Joe Hewitt, the developer behind the Facebook for iPhone app adds a bit of sanity to the discussions about the iPhone App review process when he notes that no matter what, he won’t be abandoning or boycotting developing for the Apple platform, because:
“…when I have a problem with a friend, I don’t threaten to boycott our friendship until they change, so I’m not going to do that to Apple either.
He then goes on to weigh in on the continuing kerfuffle about the iPhone App review process and how it utterly fails, saying:
“Having said that, I have only one major complaint with the App Store, and I can state it quite simply: the review process needs to be eliminated completely.
While I agree with this stance, and have argued that Apple should both stop reviewing apps and stop being the moral arbiter of the App Store (notice that most of those who decry Apple’s blocking of certain apps that they want are the same ones who spew forth outrage at many of the apps that have been approved and in which they find some fault), there is one larger problem that Apple needs to solve (and which Apple thinks it is solving by having the review process in place): Apple needs to make it easier to differentiate good apps from crap apps. Right now, it is virtually impossible to do and there is a landfill of absolute crap polluting the App store. Why? Because of the walled garden approach.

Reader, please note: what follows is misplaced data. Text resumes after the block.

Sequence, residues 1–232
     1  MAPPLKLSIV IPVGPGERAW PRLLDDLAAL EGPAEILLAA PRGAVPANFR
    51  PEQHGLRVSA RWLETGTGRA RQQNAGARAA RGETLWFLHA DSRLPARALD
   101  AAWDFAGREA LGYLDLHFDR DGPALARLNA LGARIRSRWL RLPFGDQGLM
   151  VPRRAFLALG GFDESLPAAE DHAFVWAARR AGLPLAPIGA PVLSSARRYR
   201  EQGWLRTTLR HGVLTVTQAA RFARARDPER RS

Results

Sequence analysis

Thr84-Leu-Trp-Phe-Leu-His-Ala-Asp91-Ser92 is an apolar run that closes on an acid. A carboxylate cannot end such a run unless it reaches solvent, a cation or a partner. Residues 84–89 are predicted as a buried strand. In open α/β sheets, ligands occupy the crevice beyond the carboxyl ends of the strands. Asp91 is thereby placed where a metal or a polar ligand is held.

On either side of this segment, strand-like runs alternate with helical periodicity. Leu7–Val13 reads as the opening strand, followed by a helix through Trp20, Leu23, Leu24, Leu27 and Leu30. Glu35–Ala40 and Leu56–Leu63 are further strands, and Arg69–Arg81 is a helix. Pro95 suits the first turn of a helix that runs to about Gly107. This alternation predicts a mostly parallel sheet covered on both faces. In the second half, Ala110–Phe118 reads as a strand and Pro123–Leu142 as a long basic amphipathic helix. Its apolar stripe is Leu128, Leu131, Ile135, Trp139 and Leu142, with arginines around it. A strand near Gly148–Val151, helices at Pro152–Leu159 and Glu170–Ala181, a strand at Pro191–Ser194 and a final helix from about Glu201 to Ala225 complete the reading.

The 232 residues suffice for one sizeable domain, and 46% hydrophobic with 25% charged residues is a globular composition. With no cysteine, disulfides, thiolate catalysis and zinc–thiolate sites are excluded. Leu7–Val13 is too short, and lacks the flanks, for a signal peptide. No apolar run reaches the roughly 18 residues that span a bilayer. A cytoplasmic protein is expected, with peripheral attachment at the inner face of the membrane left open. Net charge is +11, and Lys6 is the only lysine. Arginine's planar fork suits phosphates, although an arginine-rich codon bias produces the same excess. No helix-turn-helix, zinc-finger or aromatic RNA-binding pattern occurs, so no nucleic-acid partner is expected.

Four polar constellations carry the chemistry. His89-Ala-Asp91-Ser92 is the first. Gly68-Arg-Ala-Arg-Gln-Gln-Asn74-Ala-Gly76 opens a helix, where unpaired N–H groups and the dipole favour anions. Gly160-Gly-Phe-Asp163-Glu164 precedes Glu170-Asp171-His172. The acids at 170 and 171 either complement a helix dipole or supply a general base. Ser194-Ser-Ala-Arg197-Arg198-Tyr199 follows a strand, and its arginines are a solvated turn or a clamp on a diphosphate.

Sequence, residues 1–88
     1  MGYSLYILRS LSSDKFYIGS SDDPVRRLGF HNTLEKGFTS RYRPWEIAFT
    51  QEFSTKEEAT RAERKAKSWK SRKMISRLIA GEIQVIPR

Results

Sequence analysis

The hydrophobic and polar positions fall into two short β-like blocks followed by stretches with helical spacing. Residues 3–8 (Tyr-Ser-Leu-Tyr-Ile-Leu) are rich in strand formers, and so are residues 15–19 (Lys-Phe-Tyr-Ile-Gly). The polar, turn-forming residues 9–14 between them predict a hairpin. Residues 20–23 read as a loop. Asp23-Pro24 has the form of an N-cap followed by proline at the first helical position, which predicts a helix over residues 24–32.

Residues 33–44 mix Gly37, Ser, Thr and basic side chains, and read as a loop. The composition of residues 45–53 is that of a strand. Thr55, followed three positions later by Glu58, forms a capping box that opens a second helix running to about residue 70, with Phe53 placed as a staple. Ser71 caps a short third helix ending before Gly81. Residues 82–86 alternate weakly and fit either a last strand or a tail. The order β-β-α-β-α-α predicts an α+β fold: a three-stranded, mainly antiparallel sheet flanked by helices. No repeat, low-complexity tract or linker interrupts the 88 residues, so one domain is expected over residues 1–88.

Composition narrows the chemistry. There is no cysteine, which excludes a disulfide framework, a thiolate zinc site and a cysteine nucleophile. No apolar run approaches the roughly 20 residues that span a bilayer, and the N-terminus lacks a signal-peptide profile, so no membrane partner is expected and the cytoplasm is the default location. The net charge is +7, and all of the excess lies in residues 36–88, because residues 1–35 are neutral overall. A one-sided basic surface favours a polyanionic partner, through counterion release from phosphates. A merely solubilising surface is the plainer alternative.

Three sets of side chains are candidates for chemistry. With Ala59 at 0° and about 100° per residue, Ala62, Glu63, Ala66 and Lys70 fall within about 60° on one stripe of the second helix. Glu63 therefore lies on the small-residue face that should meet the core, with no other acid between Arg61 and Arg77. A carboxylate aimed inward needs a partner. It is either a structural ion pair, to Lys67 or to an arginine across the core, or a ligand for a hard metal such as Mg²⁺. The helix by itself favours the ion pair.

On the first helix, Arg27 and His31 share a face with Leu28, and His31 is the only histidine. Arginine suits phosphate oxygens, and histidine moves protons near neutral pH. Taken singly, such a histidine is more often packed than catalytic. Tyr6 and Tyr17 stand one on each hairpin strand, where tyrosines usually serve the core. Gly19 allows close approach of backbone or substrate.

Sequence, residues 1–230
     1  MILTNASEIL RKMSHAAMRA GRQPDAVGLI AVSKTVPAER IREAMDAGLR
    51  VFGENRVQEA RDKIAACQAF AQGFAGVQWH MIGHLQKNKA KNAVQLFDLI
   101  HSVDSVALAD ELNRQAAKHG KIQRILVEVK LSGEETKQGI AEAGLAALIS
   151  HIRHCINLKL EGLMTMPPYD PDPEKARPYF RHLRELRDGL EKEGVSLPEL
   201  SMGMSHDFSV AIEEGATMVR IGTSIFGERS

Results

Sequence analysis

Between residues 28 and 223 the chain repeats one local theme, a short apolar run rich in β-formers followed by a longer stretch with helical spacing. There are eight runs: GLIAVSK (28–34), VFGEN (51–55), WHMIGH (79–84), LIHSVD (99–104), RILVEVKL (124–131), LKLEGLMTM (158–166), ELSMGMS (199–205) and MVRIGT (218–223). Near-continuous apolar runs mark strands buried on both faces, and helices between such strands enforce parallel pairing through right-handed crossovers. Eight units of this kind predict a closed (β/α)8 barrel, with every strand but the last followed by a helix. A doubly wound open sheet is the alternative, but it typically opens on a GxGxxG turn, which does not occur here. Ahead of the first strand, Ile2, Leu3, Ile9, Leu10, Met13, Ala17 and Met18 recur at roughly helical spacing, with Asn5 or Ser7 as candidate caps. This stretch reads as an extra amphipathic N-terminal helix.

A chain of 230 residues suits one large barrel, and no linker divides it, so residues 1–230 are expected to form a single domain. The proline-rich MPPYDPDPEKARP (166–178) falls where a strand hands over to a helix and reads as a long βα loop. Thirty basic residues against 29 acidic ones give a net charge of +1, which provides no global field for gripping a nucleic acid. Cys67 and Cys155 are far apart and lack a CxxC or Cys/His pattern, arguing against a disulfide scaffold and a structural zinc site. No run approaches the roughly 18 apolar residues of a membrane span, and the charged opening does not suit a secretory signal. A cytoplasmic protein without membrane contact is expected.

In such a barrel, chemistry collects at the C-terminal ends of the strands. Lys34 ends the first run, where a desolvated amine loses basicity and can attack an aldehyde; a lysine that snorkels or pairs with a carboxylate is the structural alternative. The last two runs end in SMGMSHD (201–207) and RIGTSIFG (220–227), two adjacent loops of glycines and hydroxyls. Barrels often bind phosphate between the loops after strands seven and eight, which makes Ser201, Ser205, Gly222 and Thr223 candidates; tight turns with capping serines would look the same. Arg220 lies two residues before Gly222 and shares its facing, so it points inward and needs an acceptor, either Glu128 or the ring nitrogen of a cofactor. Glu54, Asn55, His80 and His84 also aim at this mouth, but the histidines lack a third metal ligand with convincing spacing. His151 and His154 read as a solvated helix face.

Imagine if the iPhone were a slightly more open platform, like Mac OS X, where you could download any app that you wanted directly from the internet, not from iTunes exclusively, and install it on your iPhone. Developers could offer shareware versions of their software that would be activated fully by purchasing a license. In that instance, you’d probably only ever hear about the really good and useful applications that have proven themselves. Now, that’s a novel idea.
My point is: eliminating the iPhone app review process gains us little to nothing until Apple makes installing applications on the iPhone as open as it is to install applications on Mac OS X and allows you to shop for those applications from wherever you like online; not just exclusively from within iTunes or from within the App Store on your iPhone or iPod touch. That very successful for Apple marketplace is exactly the thing that is creating all these horrible apps and all these problems for the good apps that Apple keeps refusing to approve.
Will Apple make this change? Considering how much money it makes off the App Store, I seriously doubt it.
Update: I love Nilay Patel’s take on all this: “I don’t care.”